Soil-structure interaction in tunnel lining analyses
|Veröffentlicht in:||geotechnik, 2015, n. 2, v. 38|
In general, tunnel analyses are complex engineering tasks. This is mainly due to non-linear effects determining the overall loadbearing behaviour (even under service load conditions) because no clear separation between action and resistance is possible (safety concept) plus a series of interdependencies and interaction effects that must not be neglected in most cases. In order to achieve a realistic simulation of the actual behaviour and to gain reliable results, non-linear effects in the ground as well as physical and geometrical non-linearities in the structural behaviour of the tunnel lining, and the interaction of the soil and structures, need to be modelled carefully. When simplifications are to be introduced into the design, it is important that the simplified approach be conservative, that deformation results are in a realistic order of magnitude and, finally, that the analyses lead to adequate solutions regarding costs and workability on site.
Over the past decade, the finite element analysis (FEA) method has become more and more established internationally as a general numerical tool suitable for these diverging requirements. Where FEA is used in an appropriate way, the method allows almost all-embracing detailed modelling and may provide comprehensive and realistic results taking into account all relevant effects, including soil-structure interaction. The crucial factor in this is the determination of a realistic ground-structure stiffness ratio, especially if non-linear characteristics are to be taken into account, because the reaction forces (bedding) and the distribution of the load portions to be carried by the tunnel lining and the supporting ground are mainly determined by the stiffness and interaction parameters. Inadequate estimation of these governing parameters may lead to an unrealistic assessment regarding the loadbearing behaviour of the tunnel and thus - depending on the magnitude and direction of the deviation - to a wrong and uneconomic or unsafe design. During the authors' many years in design management, detailed design and value engineering and performing independent checking and design reviews for large international tunnel projects, their experience was that FE modelling may in numerous cases lead to improper results if the basic relations and plausibility checks were not considered in an adequate way. In the light of this, the case studies presented in section 5 illustrate some typical practical examples.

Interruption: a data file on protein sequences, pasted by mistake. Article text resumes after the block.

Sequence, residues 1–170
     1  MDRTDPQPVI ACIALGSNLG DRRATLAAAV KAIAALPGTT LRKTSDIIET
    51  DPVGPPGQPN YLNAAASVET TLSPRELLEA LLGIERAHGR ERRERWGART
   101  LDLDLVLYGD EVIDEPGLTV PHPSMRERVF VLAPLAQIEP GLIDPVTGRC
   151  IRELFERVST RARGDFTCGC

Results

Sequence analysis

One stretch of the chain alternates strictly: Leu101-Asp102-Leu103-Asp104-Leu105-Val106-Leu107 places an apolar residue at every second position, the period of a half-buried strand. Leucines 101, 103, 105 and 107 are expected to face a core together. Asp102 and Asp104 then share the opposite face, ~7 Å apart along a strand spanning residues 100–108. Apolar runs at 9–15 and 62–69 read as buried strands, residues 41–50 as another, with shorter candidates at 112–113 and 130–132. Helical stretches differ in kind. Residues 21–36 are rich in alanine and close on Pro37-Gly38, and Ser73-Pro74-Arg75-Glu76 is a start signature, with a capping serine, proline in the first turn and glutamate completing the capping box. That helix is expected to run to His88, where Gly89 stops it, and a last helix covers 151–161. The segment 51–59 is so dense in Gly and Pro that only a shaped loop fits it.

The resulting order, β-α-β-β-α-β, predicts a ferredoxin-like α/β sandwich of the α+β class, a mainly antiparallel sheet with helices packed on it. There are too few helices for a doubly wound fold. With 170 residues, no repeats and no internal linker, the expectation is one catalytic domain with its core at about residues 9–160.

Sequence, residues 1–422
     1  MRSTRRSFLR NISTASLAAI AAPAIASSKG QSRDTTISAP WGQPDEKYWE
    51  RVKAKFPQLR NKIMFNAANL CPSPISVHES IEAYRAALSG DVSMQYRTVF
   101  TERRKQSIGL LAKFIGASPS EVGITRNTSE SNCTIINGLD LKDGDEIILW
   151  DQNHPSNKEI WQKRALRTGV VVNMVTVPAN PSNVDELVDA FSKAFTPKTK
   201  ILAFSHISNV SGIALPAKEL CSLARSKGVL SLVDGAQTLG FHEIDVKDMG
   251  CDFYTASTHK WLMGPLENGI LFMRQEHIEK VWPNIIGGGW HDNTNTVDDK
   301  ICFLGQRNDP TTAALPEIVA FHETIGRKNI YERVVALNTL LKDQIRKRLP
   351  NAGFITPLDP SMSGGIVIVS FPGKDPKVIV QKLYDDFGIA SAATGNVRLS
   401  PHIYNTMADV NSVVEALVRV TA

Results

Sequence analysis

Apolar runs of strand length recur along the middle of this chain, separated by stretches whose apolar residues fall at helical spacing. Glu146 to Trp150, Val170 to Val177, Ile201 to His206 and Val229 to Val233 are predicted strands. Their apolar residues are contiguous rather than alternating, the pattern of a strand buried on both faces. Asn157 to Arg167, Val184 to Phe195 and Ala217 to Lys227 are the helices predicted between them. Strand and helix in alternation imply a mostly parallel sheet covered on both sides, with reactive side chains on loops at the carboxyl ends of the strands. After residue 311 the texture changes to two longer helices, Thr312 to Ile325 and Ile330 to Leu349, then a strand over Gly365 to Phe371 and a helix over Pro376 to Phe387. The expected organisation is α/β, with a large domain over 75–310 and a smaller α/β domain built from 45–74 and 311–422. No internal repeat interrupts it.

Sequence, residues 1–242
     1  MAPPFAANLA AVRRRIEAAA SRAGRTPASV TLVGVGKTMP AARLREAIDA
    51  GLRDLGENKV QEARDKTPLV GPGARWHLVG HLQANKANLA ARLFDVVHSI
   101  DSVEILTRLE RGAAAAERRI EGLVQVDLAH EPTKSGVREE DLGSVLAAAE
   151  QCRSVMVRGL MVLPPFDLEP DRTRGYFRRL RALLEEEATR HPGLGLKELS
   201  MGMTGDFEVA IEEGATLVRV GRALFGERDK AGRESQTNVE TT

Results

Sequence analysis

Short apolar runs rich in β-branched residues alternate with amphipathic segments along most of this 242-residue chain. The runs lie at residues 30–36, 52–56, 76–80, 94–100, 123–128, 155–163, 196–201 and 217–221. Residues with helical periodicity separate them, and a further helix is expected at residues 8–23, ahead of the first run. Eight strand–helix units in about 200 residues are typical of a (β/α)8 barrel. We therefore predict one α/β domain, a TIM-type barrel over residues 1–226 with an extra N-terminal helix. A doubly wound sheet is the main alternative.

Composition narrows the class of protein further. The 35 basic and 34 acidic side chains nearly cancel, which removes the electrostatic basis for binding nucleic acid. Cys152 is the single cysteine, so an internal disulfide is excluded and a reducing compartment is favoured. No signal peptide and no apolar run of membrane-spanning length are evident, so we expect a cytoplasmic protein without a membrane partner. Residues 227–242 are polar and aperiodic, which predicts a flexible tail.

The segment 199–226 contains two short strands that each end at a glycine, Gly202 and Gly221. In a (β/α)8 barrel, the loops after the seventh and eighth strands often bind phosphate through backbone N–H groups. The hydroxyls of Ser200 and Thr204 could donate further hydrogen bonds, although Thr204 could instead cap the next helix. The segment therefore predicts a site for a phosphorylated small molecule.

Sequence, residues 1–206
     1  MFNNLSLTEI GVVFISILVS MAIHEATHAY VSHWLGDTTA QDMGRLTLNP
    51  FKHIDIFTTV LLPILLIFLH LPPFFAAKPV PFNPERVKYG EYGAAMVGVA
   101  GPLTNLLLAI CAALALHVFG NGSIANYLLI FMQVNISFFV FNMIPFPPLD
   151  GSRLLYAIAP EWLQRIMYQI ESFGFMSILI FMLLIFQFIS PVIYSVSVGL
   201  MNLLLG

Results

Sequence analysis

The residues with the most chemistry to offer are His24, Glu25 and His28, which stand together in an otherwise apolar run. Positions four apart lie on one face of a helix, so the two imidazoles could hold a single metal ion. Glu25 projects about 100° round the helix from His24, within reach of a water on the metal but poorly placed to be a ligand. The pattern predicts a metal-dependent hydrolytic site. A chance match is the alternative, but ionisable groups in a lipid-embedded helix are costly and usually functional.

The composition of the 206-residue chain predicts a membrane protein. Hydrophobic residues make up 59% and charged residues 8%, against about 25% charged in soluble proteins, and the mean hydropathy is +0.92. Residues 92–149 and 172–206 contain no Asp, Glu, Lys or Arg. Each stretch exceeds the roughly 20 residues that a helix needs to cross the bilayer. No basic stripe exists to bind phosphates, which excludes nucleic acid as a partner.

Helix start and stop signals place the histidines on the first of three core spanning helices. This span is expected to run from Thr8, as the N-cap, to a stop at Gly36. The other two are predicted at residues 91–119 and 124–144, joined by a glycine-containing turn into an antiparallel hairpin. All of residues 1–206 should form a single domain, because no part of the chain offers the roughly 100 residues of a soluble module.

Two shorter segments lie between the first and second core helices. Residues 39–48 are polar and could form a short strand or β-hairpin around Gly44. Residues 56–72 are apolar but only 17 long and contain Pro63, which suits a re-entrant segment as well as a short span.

The present paper is intended to point out the most relevant relations, interdependencies and typical problems in soil-structure interaction analyses which should be well considered when performing tunnel analyses utilizing the FEA method. The main aim is to provide valuable recommendations and advice on the formulation of reliable, practice-oriented and robust numerical models in order to improve the overall quality of tunnel analyses.
|Verfügbar bei:||Siehe Verlag|
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